Dr. Greenberg is an Associate Professor of Clinical Medicine and a member of the faculty of the Institute of Human Nutrition at Columbia University College of Physicians and Surgeons.
Dr. Henry Greenberg is an Associate Professor of Clinical Medicine and a member of the faculty of the Institute of Human Nutrition at Columbia University College of Physicians and Surgeons. He is a long-standing member of the division of cardiology at St. Luke’s Roosevelt Hospital Center, and was the Associate Director of Cardiology until 2011 when stepped down to begin his faculty commitment at the Mailman School of Public Health where he is an Associate Professor of Clinical Medicine, in Epidemiology. He teaches a course on the global impact of cardiovascular diseases
Dr. Greenberg is a graduate of Tufts University School of Medicine. After a medical internship at St. Elizabeth’s Hospital in Boston, he spent 2 years in the United States Public Health Service as a Peace Corps Physician in Cameroon, West Africa. He returned to New York and complete and medical residency and cardiology fellowship at St. Luke’s and Roosevelt hospitals and has remained on the teaching faculty of the now combined institution since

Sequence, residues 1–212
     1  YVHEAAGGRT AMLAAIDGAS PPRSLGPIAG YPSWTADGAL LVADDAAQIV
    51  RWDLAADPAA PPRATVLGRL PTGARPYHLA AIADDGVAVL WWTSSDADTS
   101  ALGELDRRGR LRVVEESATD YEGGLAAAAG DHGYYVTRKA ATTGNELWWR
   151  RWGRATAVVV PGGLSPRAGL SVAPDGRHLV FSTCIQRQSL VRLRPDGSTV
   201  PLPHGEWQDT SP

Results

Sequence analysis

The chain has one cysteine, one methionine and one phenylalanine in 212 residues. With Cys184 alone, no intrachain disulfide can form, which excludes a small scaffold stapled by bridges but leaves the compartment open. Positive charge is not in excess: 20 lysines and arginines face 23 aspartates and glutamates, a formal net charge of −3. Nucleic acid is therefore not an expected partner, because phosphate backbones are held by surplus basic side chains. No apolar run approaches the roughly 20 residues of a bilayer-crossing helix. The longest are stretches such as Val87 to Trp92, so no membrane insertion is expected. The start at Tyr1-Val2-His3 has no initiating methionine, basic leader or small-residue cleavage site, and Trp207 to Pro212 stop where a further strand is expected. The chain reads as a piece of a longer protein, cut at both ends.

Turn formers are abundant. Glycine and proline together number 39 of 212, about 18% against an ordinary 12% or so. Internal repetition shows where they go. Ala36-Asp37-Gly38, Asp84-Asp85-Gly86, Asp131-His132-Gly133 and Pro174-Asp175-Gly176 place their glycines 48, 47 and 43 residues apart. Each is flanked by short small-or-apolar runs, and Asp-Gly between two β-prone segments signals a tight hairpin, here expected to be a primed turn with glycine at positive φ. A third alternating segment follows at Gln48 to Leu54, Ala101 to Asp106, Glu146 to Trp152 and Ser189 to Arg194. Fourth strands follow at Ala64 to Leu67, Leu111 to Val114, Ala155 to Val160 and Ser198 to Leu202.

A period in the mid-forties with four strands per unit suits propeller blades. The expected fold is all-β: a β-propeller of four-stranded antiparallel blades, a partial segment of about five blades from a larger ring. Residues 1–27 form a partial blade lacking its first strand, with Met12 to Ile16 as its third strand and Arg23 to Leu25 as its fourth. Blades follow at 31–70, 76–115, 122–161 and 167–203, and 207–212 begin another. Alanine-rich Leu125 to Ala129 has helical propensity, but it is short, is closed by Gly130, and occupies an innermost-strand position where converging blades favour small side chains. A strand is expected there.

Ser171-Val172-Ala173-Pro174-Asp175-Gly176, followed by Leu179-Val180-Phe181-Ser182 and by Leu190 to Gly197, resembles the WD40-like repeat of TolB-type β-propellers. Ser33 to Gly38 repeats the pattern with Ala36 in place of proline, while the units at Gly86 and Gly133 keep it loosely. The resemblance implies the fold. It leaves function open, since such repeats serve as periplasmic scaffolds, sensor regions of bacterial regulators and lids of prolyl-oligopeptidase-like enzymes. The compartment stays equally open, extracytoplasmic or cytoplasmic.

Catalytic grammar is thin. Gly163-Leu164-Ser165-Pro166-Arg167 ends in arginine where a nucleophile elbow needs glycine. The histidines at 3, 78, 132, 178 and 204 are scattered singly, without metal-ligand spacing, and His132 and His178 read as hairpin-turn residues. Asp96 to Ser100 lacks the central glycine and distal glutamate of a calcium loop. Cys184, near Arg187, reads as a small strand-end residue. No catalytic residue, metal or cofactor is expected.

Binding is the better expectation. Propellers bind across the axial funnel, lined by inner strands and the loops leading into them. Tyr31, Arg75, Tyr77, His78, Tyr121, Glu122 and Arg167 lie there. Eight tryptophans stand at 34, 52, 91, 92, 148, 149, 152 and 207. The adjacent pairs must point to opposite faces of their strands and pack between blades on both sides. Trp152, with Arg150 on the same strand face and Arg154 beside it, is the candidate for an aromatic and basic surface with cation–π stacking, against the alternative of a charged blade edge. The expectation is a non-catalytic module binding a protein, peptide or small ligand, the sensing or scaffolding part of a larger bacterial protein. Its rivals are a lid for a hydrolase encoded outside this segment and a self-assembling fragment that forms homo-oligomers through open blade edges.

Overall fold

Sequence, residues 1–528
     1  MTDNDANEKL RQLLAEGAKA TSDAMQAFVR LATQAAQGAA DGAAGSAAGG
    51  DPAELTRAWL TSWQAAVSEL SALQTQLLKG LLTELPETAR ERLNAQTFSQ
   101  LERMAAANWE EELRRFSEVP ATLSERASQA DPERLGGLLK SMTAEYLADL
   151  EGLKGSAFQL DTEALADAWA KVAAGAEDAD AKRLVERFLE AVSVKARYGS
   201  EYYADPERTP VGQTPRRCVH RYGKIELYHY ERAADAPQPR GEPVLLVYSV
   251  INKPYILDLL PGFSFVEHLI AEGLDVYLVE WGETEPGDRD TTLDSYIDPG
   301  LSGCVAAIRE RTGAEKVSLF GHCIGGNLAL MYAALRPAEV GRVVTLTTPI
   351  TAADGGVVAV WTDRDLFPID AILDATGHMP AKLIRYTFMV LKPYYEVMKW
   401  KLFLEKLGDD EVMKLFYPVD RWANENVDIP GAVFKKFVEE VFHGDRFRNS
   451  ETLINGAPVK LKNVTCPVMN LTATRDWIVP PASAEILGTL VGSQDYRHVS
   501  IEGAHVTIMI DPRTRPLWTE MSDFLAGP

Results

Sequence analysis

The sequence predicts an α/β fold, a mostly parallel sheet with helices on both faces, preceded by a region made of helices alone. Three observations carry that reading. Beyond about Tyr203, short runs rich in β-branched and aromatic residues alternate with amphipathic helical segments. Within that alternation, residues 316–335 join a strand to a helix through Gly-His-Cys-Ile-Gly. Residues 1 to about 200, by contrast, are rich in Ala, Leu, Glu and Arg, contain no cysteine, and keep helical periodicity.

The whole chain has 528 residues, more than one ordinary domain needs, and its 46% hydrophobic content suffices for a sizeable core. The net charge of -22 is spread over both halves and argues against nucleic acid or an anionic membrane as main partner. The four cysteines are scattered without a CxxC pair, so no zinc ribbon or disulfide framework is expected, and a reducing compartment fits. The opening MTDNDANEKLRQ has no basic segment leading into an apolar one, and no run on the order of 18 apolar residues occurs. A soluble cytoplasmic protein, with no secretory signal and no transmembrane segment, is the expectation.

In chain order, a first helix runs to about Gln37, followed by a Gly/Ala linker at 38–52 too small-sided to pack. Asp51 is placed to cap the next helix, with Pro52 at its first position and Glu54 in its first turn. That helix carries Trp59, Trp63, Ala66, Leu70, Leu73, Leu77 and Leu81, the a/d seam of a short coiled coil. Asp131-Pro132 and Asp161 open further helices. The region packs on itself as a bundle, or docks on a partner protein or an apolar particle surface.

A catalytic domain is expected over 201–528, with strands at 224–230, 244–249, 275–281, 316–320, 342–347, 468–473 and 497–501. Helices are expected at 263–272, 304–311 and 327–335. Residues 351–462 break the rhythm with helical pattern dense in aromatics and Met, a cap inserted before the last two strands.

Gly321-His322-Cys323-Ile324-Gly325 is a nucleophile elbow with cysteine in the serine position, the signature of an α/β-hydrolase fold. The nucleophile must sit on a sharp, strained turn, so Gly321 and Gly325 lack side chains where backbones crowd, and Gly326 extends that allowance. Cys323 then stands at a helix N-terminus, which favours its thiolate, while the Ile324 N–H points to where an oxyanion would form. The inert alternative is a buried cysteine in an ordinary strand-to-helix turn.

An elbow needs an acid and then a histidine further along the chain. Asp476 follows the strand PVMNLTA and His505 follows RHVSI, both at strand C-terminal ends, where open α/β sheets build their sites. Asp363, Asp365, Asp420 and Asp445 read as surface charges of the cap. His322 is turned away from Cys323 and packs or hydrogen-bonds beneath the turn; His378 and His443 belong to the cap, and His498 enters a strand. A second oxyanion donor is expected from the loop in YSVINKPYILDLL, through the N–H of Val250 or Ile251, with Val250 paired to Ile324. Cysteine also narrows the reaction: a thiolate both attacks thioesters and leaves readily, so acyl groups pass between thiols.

His area of investigation has focused on clinical trials examining various aspects of coronary artery disease. He has participated in various roles in many national and international trials. Currently he is on the MADIT executive committee, the leading ICD (defibrillator) and CRT (resynchronization) trial group.
For the past 15 years he has revived his interest in global health, but with a focus on chronic illness, especially cardiovascular disease. He has consulted widely in Eastern Europe, Russia, and most recently, the Gulf States. He was a co-author of A Race against Time, a 2004 study of the impact of cardiovascular disease in 5 emerging economies prepared for the Earth Institute at Columbia, and many other recent publications.
Dr. Greenberg has had a long relationship with the New York Academy of Sciences. He organized conferences and edited the proceedings for the Academy’s Annals series on Sudden Death, U.S. Health Care Policy, and medical education. He served on the Board of Governors for many years and was its chairman in 1995-1996. He chaired the Academy’s Committee on the Human Rights of Scientists for 5 years, until 2011.
He is the editor-in chief of Progress in Cardiovascular Diseases. In the July 2010 issue he co-guest edited a symposium on the Global Impact of the Framingham Heart Study.
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